4. […] Law School Debt Gets Uglier for Law School Students in the Last …Description : The sobering debt numbers may help account for the sharp drop in law school applications this past year, which in turn may limit law school tuition increases next year. But don’t count too much on the latter. There are still a lot more …https://advisein.wordpress.com/ .. […]

  5. […] Law School Numbers Shop for Law School Numbers law school numbers – alisonmilne. Law School Debt Gets Uglier for Law School Students in the Last …Description : The sobering debt numbers may help account for the sharp drop in law school applications this past year, which in turn may limit law school tuition increases next year. But don’t count too much on the latter. There are still a lot more …https://advisein.wordpress.com/ .. […]

  6. […] Law School Debt Gets Uglier for Law School Students in the Last …Description : Advisors who don’t work very carefully with their clients on a comprehensive schedule are, in my view, irresponsible, decreasing the chances of their clients obtaining the best law school admissions and financial aid outcomes. …https://advisein.wordpress.com/ .. […]

  7. […] Law School Debt Gets Uglier for Law School Students in the Last …Description : This is especially important for “fine-point” financial aid decisions at many law schools. No matter your GPA/LSAT hard data, your desired law schools will have hundreds of similar applicants, if not more. Most won’t give money to them …https://advisein.wordpress.com/ .. […]

  8. […] Law School Debt Gets Uglier for Law School Students in the Last … Description : The sobering debt numbers may help account for the sharp drop in law school applications this past year, which in turn may limit law school tuition increases next year. But don’t count too much on the latter. There are still a lot more … https://advisein.wordpress.com/ .. […]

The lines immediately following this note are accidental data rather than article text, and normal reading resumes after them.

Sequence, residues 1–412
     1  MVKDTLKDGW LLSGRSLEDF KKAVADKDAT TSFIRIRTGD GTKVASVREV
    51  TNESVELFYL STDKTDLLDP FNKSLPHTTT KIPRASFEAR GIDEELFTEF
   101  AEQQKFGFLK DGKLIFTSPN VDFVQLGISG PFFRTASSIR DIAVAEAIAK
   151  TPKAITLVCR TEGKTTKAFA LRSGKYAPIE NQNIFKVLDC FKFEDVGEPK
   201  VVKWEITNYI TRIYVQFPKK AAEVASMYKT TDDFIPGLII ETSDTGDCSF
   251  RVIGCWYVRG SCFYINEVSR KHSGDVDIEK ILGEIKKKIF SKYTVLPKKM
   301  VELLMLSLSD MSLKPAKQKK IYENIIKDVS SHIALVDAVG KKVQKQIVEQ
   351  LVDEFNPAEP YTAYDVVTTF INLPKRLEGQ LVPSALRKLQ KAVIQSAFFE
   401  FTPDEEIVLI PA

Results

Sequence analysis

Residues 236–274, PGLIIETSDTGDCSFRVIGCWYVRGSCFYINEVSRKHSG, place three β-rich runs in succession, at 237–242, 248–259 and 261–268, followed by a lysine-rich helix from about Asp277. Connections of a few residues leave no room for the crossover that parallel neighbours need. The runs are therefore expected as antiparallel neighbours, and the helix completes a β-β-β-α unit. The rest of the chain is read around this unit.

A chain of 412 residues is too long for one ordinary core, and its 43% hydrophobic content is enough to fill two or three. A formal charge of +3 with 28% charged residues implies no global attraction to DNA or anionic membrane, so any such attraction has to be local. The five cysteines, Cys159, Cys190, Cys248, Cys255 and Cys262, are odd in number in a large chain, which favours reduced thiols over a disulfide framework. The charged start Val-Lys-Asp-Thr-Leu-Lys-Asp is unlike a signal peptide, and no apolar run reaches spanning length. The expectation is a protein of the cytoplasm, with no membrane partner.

9. […] Law School Debt Gets Uglier for Law School Students in the Last … Description : This is especially important for fine-point financial aid decisions at many law schools. No matter your GPA/LSAT hard data, your desired law schools will have hundreds of similar applicants, if not more. Most won’t give money to them … https://advisein.wordpress.com/ .. […]

  10. […] pay less than private practice positions, which impacts law graduates’ ability to service their considerable—and growing—law school debt comfortably.  I’m all for public service but you should not be unable to afford to do it.  […]

  11. […] (or don’t know what the practice of law entails), then a six-figure investment in law school (and six-figure average debt at private schools like Emory) is unlikely to be your best […]

  12. […] debt-laden law students whose law school debt load has increased significantly over the last several years, to say nothing of any undergraduate debt that students were already […]

  13. […] Law School Debt Gets Uglier for Law School Students in the Last … Description : The sobering debt numbers may help account for the sharp drop in law school applications this past year, which in turn may limit law school tuition increases next year. But don’t count too much on the latter. There are still a lot more … https://advisein.wordpress.com/ .. […]

  14. […] Law School Debt Gets Uglier for Law School Students in the Last … Description : This is especially important for fine-point financial aid decisions at many law schools. No matter your GPA/LSAT hard data, your desired law schools will have hundreds of similar applicants, if not more. Most won’t give money to them … https://advisein.wordpress.com/ .. […]